He’s been president less than a week, but Donald Trump has already sheathed the Oval Office in Trump Organization-worthy gold. The ominous symbolism is also practical, as it provides the proper atmosphere in which to systematically dismantle almost everything Barack Obama accomplished while in office, just as Trump promised.
But amid reviving pipelines, gutting healthcare and endangering the health of women across the world, Trump isn’t shredding every last little vestige of the last eight years… unfortunately. For now, at least, Trump is keeping DEA chief Chuck Rosenberg.
This is the same Chuck Rosenberg who said smoking marijuana medicinally is a big “joke,” and whose agency rejected in August the latest effort to reschedule cannabis from the government’s list of the most dangerous substances known to man.
Rosenberg took over the nation’s federal drug police in May 2015, taking over after a disastrous, scandal-ridden term under career drug cop Michele Leonhart. Before heading to the DEA, Rosenberg served as chief of staff at the FBI for Director James Comey—the same James Comey who interfered with the election in a manner that benefited Trump and who will also retain his job. (By the way, take a gander at the DEA’s shiny, auric official logo. Does it remind you of anything?)
Under Leonhart, who spent three decades at the DEA, agents on assignment overseas in Colombia enjoyed raucous sex parties. Leonhart’s strict, “the war’s still on” approach to states legalizing marijuana also clashed with Obama’s hands-off, “let the states decide” doctrine.
Soon after taking over, Rosenberg earned eternal ire from medical-marijuana advocates for a dishonest diatribe on the substance. Here he is talking to reporters in fall 2015:
“What really bothers me is the notion that marijuana is also medicinal—because it’s not. We can have an intellectually honest debate about whether we should legalize something that is bad and dangerous, but don’t call it medicine—that is a joke.”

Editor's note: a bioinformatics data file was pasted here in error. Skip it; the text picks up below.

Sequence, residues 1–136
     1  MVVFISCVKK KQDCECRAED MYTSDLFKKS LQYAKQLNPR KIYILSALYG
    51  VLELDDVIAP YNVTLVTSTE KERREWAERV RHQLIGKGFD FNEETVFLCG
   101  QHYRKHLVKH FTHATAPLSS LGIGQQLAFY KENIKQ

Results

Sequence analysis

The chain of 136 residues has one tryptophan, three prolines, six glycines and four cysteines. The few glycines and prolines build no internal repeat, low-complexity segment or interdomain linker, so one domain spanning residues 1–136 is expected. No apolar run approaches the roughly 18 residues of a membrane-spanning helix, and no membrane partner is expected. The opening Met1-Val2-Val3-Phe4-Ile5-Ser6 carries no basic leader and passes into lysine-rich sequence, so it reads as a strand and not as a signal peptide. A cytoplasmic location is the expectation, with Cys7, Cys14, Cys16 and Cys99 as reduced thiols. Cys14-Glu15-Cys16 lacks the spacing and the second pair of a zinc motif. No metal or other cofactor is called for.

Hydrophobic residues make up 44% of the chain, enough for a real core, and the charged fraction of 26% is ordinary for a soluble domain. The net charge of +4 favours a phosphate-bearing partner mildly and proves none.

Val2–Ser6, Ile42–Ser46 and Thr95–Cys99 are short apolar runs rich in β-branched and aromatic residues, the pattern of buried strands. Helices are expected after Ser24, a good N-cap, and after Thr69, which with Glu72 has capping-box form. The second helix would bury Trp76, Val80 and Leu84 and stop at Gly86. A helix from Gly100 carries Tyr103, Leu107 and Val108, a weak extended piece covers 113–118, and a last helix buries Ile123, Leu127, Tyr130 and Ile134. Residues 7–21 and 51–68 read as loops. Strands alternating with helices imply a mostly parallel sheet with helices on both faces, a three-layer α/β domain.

“There are pieces of marijuana—extracts or constituents or component parts—that have great promise… But if you talk about smoking the leaf of marijuana—which is what people are talking about when they talk about medicinal marijuana—it has never been shown to be safe or effective as a medicine.”
That led to petitions to remove Rosenberg from office and criticism from members of Congress. None of that went anywhere, but under Rosenberg, the DEA has yet to stage any significant crackdown on state-legal medical marijuana or the country’s rapidly growing cannabis industry.
This is because the DEA chief takes direction from the attorney general, and under Obama’s A.G. Loretta Lynch, the agency prioritized work on the nation’s widening heroin and prescription pill abuse epidemic rather than spending time interfering with the states on weed.
But under Trump, Rosenberg’s DEA will take direction from a Justice Department led by Jeff Sessions, who is almost certain to be confirmed by the Republican-controlled Senate as the nation’s top law-enforcement officer. Though he has been deliberately intransigent about his plans for the country’s widening popular experiment with ramping down a drug war that began under Nixon, Sessions is notoriously anti-legalization and supports stiff penalties for drug use like the mandatory minimums that have led America to have the globe’s highest incarceration rate—meaning there’s every indication that the DEA will be used as a weapon against weed.
Not that Rosenberg’s record under Obama is any cause for hope, either.
In August, after months of rumor that the DEA would cop to science and public opinion and remove marijuana from Schedule 1 of the Controlled Substances Act—allowing doctors to prescribe cannabis-derived medicines and greatly enhancing scientists’ ability to study the stuff—the DEA rejected rescheduling petitions that had sizable support in Congress. As U.S. Rep. Earl Blumenauer put it, the DEA’s rigid obstructionism was “outrageous” and “deeply hypocritical.”
What will Rosenberg’s DEA do under Trump?
So far, Rosenberg has set his sights far away from the domestic cannabis industry, jetting to China and Thailand this month to push stricter enforcement on synthetic marijuana—chemicals which often originate in China—and on opiates like fentanyl, the synthetic, incredibly powerful morphine substitute that killed Prince.
As with nearly everything else related to drug policy in America right now, it’s all waiting on Jeff Sessions—and that’s far from encouraging.
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